Activism Blog Medical Politics World

Interview with British MP Peter Reynolds


By Patrick Dewals

What was previously known as the Legalise Cannabis Alliance (LCA) was deeply in need of changes that could bring them on more solid ground as a cannabis lobby group. The alliance campaigned for the legalisation of cannabis for medicinal use, as biomass, hemp-based products and recreational drug use. Those purposes were worth registering as a political party and to participate in a few election. But it is honest to say that no big winds were made. In 2011 Peter Reynolds became the elected leader of the LCA. The ex-advertising man’s influence came immediately on the surface as the alliance did not only change his name in CLEAR but also altered its political strategy. The robust path of street protest and kick ass mentality was left and the party started fighting with more conventional, gentleman-like means, above all emphasizing on evidence-based arguments. It seems that the method catches on because just a few weeks ago CLEAR welcomed its 500,000th like on Facebook. In the age of social media this is worth something and the CLEAR-likers are still growing at a phenomenal rate on Facebook as they do on Twitter. This certainly reflects the trend in British society of people who are not longer prepared to take an obviously moralistic “No” to cannabis smoking for an answer. Only a few months ago a petition launched in the north of the country rebounded in no time into Buckingham Palace, on the road collecting more than 215.000 signatures from people tired to be treated as criminals and who sees their MP’s and government lead a far too costly and silly drug policy in general and cannabis policy in particular.

Lifting the ban on the cannabis prohibition, both for medicinal and recreational use, is certainly what the party is having in common with the petition supporters. But according to Reynolds patients who can find relief in the benefits of medicinal cannabis are of course receiving an higher priority. “Today’s ban on recreational cannabis use is absolutely unjust, but when you forbid people to use medicinal cannabis it is an outrage, it is disgusting.” With this statement mister Reynolds reminds us of people like Mario Oriani-Ambrosini, the white South African MP suffering from terminal lung cancer and who died of his illness in August 2014. Mister Oriani-Ambrosini said earlier in 2014 in the South African parliament that it was “a crime against humanity” to deny sick people access to medical cannabis. At that moment he urged the South African parliament to change the law considering the legalization of cannabis for medicinal, recreational and even industrial purposes.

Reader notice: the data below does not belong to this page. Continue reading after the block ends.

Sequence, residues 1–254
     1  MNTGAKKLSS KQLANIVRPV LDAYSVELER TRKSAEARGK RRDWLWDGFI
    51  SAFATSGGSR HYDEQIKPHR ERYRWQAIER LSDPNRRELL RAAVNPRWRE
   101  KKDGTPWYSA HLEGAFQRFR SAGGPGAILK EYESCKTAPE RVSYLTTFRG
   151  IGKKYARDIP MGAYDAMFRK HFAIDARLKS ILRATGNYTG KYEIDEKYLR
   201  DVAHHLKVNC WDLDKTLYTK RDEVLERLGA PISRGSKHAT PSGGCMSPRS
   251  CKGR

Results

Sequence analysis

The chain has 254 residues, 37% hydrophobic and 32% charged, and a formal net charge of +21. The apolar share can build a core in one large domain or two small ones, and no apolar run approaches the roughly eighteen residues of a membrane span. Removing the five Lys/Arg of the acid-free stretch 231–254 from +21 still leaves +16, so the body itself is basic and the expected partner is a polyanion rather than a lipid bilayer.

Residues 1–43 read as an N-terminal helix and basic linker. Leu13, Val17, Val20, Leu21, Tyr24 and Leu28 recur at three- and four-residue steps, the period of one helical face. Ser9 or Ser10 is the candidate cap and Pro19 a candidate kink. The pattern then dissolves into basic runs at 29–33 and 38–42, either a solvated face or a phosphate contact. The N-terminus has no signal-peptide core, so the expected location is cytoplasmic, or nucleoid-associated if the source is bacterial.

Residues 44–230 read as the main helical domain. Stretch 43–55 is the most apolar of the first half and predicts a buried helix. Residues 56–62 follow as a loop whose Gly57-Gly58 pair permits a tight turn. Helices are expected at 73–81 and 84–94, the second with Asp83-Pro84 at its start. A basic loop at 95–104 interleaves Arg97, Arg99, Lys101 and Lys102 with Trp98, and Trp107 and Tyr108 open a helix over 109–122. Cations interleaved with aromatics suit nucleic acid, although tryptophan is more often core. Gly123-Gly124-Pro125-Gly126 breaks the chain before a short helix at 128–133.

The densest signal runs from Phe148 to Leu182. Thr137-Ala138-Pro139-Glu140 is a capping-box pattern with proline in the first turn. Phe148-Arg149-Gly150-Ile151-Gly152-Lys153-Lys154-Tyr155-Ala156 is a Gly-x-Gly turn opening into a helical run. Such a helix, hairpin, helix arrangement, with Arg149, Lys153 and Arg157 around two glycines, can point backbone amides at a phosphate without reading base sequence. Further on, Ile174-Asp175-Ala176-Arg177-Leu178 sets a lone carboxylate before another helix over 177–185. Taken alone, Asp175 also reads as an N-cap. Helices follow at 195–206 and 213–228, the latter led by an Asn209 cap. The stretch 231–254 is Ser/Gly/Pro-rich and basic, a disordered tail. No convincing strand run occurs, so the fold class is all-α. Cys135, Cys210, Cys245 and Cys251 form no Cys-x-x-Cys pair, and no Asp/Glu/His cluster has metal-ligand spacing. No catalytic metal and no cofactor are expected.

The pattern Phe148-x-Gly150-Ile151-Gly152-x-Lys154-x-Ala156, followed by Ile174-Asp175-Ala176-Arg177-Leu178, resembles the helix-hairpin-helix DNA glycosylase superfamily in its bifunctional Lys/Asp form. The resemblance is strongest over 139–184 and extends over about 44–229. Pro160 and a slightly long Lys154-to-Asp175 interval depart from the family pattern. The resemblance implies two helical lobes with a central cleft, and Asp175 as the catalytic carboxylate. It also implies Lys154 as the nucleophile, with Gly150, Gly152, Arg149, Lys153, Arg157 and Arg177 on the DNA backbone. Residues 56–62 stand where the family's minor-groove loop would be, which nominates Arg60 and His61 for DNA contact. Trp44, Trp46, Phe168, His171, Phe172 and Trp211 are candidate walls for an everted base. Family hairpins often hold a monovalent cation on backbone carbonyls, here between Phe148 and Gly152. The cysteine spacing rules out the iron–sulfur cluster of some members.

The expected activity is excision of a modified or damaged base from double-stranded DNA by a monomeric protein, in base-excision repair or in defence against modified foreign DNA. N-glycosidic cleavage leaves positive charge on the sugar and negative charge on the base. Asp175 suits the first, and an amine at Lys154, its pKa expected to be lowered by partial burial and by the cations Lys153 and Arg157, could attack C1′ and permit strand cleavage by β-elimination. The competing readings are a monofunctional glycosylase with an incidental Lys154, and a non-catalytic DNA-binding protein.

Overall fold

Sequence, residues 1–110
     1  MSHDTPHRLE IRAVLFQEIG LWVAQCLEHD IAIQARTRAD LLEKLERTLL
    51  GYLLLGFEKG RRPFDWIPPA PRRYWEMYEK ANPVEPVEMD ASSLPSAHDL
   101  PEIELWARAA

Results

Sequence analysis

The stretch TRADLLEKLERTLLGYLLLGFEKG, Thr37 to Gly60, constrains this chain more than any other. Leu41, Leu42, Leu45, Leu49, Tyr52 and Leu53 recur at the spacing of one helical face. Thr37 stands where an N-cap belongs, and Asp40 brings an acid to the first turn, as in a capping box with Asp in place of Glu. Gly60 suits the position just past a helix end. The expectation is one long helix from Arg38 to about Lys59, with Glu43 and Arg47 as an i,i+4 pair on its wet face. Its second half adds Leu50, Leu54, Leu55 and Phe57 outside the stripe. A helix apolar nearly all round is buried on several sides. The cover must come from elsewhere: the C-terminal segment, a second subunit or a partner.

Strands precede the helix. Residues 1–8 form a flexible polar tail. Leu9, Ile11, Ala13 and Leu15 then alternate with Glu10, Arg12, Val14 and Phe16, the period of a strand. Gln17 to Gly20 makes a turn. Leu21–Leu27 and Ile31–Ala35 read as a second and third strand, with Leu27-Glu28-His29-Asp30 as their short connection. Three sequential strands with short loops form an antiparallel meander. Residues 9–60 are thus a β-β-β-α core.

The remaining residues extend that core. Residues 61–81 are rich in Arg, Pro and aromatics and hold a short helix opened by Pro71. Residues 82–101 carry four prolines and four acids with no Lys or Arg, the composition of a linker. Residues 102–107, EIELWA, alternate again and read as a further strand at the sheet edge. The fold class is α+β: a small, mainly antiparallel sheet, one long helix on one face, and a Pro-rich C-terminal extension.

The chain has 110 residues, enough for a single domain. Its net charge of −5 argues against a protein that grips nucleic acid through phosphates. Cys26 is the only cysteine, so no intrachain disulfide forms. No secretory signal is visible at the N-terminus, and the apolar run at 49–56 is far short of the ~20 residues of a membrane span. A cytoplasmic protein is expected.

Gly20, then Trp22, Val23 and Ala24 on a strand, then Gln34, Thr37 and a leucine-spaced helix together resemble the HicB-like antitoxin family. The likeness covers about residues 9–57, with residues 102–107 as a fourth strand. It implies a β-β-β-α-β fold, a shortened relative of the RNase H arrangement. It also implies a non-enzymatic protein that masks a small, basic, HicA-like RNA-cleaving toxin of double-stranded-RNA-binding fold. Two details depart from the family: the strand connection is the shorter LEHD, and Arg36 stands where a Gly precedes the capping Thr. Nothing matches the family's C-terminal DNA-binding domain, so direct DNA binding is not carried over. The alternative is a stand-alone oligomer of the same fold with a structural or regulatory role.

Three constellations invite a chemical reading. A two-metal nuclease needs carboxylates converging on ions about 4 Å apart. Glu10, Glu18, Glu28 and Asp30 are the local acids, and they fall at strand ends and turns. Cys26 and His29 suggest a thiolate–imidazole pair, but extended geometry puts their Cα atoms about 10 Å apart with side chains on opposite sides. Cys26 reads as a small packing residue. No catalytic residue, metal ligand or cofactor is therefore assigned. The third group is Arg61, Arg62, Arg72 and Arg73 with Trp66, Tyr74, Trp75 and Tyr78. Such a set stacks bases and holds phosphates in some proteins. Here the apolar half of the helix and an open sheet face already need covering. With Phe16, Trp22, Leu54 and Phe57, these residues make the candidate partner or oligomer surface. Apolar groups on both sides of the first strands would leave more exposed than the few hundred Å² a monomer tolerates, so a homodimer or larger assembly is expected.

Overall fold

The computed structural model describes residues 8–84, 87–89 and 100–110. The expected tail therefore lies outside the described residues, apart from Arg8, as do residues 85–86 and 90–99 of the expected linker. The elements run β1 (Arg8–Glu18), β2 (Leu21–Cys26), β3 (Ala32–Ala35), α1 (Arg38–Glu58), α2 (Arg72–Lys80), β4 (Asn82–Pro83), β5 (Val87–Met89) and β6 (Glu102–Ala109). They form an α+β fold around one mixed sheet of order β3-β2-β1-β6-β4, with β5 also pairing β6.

prof-les-iversenIndeed the only people who can change the cannabis policies are the ministers and MPs of a country. And for Reynolds these people are just the ones who are terrified at what the media would say if there is a loosening of the policy on cannabis. Moreover, he continues, those people are corrupted by the alcohol industry who will do anything to keep the legal monopoly on recreational drugs. “We have to bear in mind that the alcohol industry is investing 800 millions of pounds annually in the British press through advertisement”. Doing so it is one big lobby group that causes an obstacle on the cannabis legalization path. Next to the politicians and the alcohol industry the tabloid press, which doesn’t leave an occasion untaken to demonize cannabis, are number three on Reynolds accused bench as the biggest forces who are preventing the legalization of cannabis in the UK. For him there is “no doubt that British press are a bunch of lying scoundrels and the absence of decent control on them makes that you need to be very wealthy to take them on in court, otherwise they just get away with almost anything they write”. Remarkably he ends his list of contra productive factors by mentioning the pro-cannabis campaigners themselves. It is obvious to him that in recent decades they behaved more in a way to become a burden than a blessing to lift the ban on cannabis.